Business Data Backup Lodi At an Affordable Price
What do you need to know about business data backup in Lodi?
It doesn’t matter if you’re the tiniest of tiny SMBs or a major corporation. You probably have data that matters a lot to your business. If you do, that data needs to be protected against both theft and accidental loss. For the average SMB, protecting against data theft means getting a good managed IT security vendor on your side. Protecting against data theft means having a robust business data backup strategy in place. With that in mind, here is a quick guide to what you need to know about business data backup in Lodi.
1. Your business data backup is a snapshot of your production data
A business data backup takes everything in your production systems and copies it “as is”. This is the big difference between business data backups and data archives, which save specific data for specific reasons (typically compliance). This means that the better you manage your production systems, the more efficient your business data backups will be.
2. Minimize the data you keep in your production systems
There was once a time in IT when it was far from uncommon for people to hoard data because they thought it was safer than deleting it. That wouldn’t have been true even then and it certainly isn’t true now. It would, however, have been less financially damaging then than it is now because physical storage has been very affordable for many years and once you buy it, it’s yours to use as you wish.
In the cloud, however, you pay for exactly what you use for exactly as long as you use it. This means that minimizing the data you hold is not just a security benefit, but also a financial benefit.
For the most part, minimizing the data you collect will require you to think about what you collect (and why). It can, however, also be helpful to think about how you collect it. You want to create user interfaces that guide and encourage users to enter complete and accurate data.
Part of this is about thinking of the technicalities of data entry. This is particularly true if you’re having external users enter data since they are increasingly likely to be using mobile devices. It’s arguably even more true if you’re having internal staff capture customer data using mobile devices as they are probably even more likely to make errors.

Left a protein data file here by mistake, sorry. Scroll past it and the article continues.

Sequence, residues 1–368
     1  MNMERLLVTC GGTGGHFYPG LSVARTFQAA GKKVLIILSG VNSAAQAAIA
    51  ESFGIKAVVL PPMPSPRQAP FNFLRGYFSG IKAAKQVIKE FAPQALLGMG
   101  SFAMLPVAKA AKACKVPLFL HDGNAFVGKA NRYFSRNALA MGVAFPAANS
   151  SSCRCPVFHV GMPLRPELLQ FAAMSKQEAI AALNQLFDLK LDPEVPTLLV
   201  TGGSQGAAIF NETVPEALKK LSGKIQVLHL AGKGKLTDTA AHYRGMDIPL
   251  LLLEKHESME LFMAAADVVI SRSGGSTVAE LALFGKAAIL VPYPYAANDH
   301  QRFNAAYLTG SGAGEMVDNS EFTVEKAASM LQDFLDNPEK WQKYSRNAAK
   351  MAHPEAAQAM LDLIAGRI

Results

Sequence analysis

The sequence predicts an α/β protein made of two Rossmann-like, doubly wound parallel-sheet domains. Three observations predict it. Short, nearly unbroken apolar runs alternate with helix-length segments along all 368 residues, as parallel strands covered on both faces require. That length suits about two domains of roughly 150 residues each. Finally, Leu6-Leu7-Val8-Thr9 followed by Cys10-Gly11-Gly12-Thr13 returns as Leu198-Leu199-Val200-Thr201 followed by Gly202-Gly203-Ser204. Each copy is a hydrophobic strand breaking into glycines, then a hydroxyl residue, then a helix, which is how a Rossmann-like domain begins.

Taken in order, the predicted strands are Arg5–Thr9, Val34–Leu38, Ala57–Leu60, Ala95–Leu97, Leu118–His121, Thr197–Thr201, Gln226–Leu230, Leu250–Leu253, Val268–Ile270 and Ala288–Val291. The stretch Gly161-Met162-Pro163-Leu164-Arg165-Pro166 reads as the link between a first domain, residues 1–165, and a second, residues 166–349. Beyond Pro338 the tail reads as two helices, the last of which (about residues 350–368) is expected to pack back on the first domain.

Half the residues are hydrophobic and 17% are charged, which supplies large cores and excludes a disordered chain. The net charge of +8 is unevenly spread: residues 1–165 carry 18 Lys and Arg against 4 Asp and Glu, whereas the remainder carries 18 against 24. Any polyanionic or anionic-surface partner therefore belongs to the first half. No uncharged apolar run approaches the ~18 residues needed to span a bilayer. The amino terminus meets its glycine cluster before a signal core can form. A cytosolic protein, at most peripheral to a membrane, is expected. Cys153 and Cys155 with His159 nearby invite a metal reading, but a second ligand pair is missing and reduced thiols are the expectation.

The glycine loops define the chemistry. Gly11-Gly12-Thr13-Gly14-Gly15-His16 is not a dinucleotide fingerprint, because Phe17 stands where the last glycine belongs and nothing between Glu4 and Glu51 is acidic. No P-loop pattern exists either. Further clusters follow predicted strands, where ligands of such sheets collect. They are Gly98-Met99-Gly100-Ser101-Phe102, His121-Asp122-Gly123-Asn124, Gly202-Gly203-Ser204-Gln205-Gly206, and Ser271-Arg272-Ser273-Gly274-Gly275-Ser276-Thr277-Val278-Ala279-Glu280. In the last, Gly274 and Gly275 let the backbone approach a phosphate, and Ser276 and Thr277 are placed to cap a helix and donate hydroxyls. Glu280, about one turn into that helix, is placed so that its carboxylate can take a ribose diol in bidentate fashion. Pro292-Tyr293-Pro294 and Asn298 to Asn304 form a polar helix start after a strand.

Part of it is also often about encouraging users to enter accurate data rather than just data that gets past validators. There is a big difference. People can knowingly enter fake data. This is especially likely if you’re collecting personal data from external users. Explaining to them why you want the data and what will be done with it can, however, go a long way to persuading them to cooperate.
3. You can fine-tune your storage settings and RTOs
In the cloud, faster storage costs more than slower storage. It is therefore sensible to use the slowest possible storage speed for any given type of data. This, of course, highlights the importance of knowing your data when working in the cloud.
Your choice of storage speed can then inform your Recovery Time Objective. This defines how long you can wait for your data to be recovered. As a rule of thumb, data that needs to go into fast storage also needs to be recovered as quickly as possible and vice versa. This knowledge can then feed into your choice of storage for your online data backups of which there will usually be two (one in your usual cloud and one in a secondary cloud).
This means that if you get to grips with managing the cost of storage in the cloud, you can make three times the savings by implementing the same approach to storing your online data backups.
4. You can store sensitive data in the public cloud
Even if you are in a regulated industry, you can usually store sensitive data in a public cloud. This may mean keeping it encrypted all the time it is on that public cloud, but it may not. The major public clouds are increasingly likely to be compliant with data protection laws and compliance programs, so you might be able to decrypt your data within them. This option could at least be worth investigating as it could offer a cost-effective route to a full disaster recovery solution.
5. Your storage options can also inform your RPOs
Your Recovery Point Objectives define how often your data needs to be backed up. As a rule of thumb, data that needs to go in fast storage tends to be updated frequently and therefore tends to need to be backed up frequently and vice versa.
If you’d like to speak to a reputable and experienced business data backup services provider in Lodi, please click here now to contact Aperio. IT